If you love dogs and have dogs as a part of your family, there’s a good chance you have a preference when it comes to big puppers or little puppers.

Even if big dogs are your jam, though, there’s no denying those little dogs are charming and adorable (unless they’re barking at you), but you’ve probably also noticed they seem prone to anxiety, even visibly shaking sometimes.

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But why?

According to animal behavior expert Dr. James Serpell, there could be a few different reasons.

“It could be a genetic association with small body size. It could be because little dogs feel more threatened and defensive than bigger dogs and are therefore more likely to react aggressively. And it could be that the owners of small dogs are more protective of their pets and consequently fail to socialize them properly when they are young and impressionable. Or maybe it’s a combination of all three.”

Which is to say, there’s a lot of debate, and animal behaviorist Dr. Erica Feuerbacher, that’s because most of the “evidence” comes from the anecdotal experiences of their owners.

“Results from owner reports on dog behavior show that lighter weight dogs tend to be more excitable and energetic, and that could translate into barking more.”

That said, she and others agree that how these dogs are trained and raised by their owners could be playing at least as big a part as what nature gave them in their small size.

“Because they are small, having a dog 10 times their size approach them could likely be scary and they feel a need to defend themselves, which manifests as growling or snapping since this is how dogs communicate. Because they are small there’s also a sense for some (not all) owners that they don’t need to be trained and that they can be managed by simply picking them up, which you can’t do with a barking Labrador retriever.”

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There is some actual evidence, in the form of a 2013 study, that shows owners treat big dogs differently than little ones – basically, people are more likely to feel comfortable interacting with puppies and large dogs than they are small ones.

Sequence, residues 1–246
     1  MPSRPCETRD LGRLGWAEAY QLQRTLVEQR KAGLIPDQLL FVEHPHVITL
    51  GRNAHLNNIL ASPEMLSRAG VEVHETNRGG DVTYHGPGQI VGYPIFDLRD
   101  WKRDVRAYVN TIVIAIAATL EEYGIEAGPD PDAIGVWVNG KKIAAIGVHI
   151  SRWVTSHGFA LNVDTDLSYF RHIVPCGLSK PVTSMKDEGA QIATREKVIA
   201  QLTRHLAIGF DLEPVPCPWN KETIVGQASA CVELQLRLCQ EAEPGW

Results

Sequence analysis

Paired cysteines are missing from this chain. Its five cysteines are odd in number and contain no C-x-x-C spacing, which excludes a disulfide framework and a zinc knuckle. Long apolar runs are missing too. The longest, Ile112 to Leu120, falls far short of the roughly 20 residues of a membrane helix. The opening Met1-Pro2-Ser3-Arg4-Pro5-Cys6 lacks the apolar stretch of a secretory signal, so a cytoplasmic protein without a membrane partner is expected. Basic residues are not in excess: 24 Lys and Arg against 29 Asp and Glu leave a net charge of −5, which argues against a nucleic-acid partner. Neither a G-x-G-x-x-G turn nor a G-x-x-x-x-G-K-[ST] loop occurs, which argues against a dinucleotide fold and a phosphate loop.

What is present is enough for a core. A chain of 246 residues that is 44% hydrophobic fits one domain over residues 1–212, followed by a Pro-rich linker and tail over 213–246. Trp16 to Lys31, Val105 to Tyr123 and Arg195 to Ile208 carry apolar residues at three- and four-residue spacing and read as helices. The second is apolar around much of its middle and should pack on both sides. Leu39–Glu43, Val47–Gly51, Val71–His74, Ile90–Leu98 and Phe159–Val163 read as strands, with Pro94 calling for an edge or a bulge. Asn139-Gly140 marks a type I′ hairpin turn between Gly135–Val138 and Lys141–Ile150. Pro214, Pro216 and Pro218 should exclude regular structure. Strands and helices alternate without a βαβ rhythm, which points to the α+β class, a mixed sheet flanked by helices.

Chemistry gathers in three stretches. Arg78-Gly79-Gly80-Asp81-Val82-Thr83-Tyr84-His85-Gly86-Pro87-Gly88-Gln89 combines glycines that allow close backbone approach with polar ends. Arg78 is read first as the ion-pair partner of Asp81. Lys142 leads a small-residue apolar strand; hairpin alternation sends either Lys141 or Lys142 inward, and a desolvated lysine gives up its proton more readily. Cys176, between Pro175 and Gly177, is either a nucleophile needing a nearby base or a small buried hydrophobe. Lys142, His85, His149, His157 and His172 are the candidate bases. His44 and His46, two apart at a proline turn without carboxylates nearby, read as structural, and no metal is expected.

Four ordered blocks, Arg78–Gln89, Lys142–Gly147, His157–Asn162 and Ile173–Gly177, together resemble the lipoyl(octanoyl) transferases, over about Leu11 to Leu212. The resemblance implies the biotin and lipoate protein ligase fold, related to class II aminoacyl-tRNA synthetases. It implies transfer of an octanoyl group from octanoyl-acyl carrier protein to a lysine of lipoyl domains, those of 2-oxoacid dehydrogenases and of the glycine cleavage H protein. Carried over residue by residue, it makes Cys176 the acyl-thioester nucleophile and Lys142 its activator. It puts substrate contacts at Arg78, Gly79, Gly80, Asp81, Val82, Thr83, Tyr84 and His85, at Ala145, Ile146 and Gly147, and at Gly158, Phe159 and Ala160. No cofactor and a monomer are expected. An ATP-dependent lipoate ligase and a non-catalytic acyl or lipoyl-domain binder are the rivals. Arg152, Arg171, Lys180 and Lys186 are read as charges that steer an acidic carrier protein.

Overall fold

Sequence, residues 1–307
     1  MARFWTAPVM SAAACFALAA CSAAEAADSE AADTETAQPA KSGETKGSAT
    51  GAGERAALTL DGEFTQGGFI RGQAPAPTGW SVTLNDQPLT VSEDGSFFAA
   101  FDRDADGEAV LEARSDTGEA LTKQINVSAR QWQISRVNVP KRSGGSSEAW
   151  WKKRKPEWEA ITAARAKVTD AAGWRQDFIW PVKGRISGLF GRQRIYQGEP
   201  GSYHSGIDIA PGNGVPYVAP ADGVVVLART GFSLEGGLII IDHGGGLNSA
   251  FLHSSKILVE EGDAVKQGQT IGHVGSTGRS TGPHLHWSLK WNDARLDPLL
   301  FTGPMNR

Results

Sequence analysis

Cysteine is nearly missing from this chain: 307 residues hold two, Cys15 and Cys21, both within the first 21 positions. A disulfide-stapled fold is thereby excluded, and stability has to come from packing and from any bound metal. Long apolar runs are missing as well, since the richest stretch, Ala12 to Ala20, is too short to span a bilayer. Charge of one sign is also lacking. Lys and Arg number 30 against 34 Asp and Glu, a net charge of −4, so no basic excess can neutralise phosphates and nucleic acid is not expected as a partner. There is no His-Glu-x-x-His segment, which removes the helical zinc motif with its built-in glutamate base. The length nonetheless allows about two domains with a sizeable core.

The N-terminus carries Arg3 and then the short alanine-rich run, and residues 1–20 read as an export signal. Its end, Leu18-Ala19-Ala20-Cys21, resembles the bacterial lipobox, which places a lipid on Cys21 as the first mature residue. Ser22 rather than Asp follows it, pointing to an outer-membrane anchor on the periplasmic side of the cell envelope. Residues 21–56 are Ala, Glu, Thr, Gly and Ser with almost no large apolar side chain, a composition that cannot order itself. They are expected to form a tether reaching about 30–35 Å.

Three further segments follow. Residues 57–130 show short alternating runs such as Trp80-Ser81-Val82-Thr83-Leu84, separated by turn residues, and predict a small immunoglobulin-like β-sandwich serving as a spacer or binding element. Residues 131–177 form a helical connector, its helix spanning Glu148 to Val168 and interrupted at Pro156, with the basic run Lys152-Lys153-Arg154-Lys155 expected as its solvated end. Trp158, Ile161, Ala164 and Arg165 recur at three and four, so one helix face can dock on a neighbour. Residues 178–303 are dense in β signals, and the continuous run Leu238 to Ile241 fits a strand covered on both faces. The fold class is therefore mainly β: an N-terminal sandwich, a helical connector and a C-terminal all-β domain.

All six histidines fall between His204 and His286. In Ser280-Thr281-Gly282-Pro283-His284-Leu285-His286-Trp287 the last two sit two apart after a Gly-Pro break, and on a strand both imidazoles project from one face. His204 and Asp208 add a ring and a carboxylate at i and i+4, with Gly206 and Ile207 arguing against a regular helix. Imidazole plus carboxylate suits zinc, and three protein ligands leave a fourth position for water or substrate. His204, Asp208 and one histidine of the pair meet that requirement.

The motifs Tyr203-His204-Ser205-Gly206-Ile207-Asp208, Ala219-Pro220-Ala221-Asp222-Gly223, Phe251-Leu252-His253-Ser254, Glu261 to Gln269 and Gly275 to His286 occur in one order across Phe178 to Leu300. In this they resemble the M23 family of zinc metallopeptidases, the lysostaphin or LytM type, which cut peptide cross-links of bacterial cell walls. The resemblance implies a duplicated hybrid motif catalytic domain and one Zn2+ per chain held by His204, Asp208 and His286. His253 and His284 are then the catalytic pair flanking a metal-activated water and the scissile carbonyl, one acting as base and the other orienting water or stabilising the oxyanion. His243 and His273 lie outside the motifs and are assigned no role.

Behavioralists also think that the “cute factor” as it relates to small dogs could cause people to interpret their behavior as not as threatening, whereas the same reaction from a larger dog could cause concern.

Feuerbacher explains that a growl and a show of teeth means a dog is stressed and uncomfortable, no matter the size.

“A greater recognition that these behaviors are indicative of the dog not handling the current situation well, and being stressed would be really helpful to these dogs’ welfare.”

There are some experts, like Dr. Catherine Reeve, who believe all behavior issues typical to smaller dogs can be put down to nurture, not to nature at all.

“Small dogs are not inherently more aggressive or yappy than larger dogs. Small dogs have a bad reputation for these behaviors because people tend to socialize and train small dogs less than larger dogs. People also tend to invade the personal space and disregard the boundaries of smaller dogs more often because they are ‘cute’ and people feel less threatened by them compared to, say, a large German shepherd.”

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Basically, people call small dogs “grumpy” and laugh off their bad behavior while they’re much more concerned and likely to reign in the behavior if the dog is larger and labeled as more “dangerous.”

So there you go – it could be partly due to nature, but experts seem to fall more on the side of the issues stemming from how humans interact with them, instead.

If you’ve got a little dog, train them up – they’ll be happier and so will everyone else!